And so we come to The Eleventh Doctor. Tonally, this is another planet to the Tenth Doctors adventure. Its light, breezy, and straightforward. Theres something very madcap about the writing, as though the childish impulses of the 11th Doctor have been over exaggerated resulting in a comic book which is very child friendly. Even the “monster” of this episode is a multi coloured rainbow dog that feeds off bad vibes. The Doctor is introduced running down a busy London street chasing it, which eventually culminates in the oversized dog bursting into the Houses of Parliament because, you know, politicians are bad, kids! In all fairness, the childish tone is explained, as the events take place just after the events of A Christmas Carol, so with Amy and Rory married and settling down the Doctor is feeling at his most happy and immature. Its only when he lost the Ponds he “grew up” – the Tardis became darker and Matt Smiths performance became slightly less madcap. But nestled here in the happy go lucky part of his canon, we get the bonkers Doctor and the playground themed Tardis interior.
Having said that the comic does begin with a very somber tone, the companion, Alice Obiefune is introduced during a very low point in her life. Shes lost family and is in the process of loosing her home and job. The comic even starts off in stark greys and blacks, along the lines of reading an adult graphic novel. But the second the Doctor enters Alice’s life then we immediately switch to colour because symbolism! Symbolism’s cool! And its as subtle as a gigantic rainbow dog, but in the context it works.
Naturally Alice gets her big moment to shine, where she defends a nice alien from a group of bad, nasty humans. Unlike Gabby Gonzalez from The Tenth Doctor, I found Alice very easy to relate to and empathise with. She is struggling with many real world issues in her life and must do it alone with no family or friends. This is a character that not only needs the Doctor in her life, but deserves him too.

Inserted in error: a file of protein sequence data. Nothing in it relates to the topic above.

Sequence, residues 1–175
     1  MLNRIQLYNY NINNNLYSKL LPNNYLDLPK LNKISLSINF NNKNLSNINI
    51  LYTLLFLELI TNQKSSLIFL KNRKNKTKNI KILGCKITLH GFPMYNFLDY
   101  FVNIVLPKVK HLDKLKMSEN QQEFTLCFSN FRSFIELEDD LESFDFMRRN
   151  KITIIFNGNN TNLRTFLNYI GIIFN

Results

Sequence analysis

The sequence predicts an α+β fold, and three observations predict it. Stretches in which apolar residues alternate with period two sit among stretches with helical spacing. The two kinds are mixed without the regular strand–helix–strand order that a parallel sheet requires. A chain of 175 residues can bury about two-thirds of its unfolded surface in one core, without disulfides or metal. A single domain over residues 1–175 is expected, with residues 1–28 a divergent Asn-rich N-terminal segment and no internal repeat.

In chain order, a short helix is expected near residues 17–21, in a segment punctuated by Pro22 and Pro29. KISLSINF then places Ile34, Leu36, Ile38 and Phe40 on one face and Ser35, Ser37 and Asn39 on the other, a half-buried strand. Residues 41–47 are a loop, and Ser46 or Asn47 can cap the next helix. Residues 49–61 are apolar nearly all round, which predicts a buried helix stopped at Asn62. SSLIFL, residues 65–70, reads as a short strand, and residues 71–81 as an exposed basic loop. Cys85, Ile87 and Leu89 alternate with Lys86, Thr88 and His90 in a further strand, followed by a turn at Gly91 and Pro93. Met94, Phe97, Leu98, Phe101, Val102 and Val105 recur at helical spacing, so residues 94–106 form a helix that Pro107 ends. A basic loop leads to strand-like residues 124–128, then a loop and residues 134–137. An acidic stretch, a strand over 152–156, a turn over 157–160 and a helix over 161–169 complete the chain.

As for the writing, well it is good. The Eleventh Doctor is well represented and the dialogue is spot on, with the Doctor coming out with lines that wouldn’t be amiss in a TV episode. The comic book format also allows the adventures to expand beyond the limits of the TV show, and the writer makes good use of it here what with the giant multicoloured space dog smashing through a wall of the Houses of Parliament, and a much better look at the Tardis’ swimming pool. When it comes to the artwork, its unfortunately another mixed bag. While the cover looks just as excellent as The Tenth Doctor, the interior panels are quite messy in places while the 11th Doctor sometimes resembling Matt Smith, and other times if it weren’t for the costume Id have no idea who it was supposed to be.
In the end I found The Eleventh Doctor to be a much weaker start from Titan than their Tenth Doctor offering. The story has an ending, which wraps everything up, while the few elements that suggest a larger story going on feel forced, and crowbarred in. The colours are perhaps too vibrant and the tone far too light for the average adult fan to enjo, but kids will no doubt get a kick out of reading further adventures of the floppy haired Time Lord.
Overall this is the beginning of an exciting new run from Titan and I cant wait to see where both stories go next. The adult fan will no doubt enjoy the darker themes presented in The Tenth Doctor while kids will love the madcap zaniness and straightforward plotting offered in The Eleventh Doctor.
The Tenth Doctor
The Eleventh Doctor
Both comics will be available from July 23rd.